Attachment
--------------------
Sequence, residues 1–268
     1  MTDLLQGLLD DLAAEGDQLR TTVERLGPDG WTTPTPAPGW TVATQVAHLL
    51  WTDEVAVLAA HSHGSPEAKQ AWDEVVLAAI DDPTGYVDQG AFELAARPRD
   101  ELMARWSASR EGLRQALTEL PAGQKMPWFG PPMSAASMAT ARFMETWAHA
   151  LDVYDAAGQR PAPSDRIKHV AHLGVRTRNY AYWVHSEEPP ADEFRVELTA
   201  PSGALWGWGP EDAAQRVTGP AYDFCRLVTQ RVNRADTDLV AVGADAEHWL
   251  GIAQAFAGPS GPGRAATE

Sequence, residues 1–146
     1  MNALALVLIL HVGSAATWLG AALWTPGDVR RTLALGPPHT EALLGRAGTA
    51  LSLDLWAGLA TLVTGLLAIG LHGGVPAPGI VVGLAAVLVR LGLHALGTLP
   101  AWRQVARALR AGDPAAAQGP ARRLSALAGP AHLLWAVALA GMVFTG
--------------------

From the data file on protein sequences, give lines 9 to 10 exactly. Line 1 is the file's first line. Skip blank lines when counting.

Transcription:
     1  MNALALVLIL HVGSAATWLG AALWTPGDVR RTLALGPPHT EALLGRAGTA
    51  LSLDLWAGLA TLVTGLLAIG LHGGVPAPGI VVGLAAVLVR LGLHALGTLP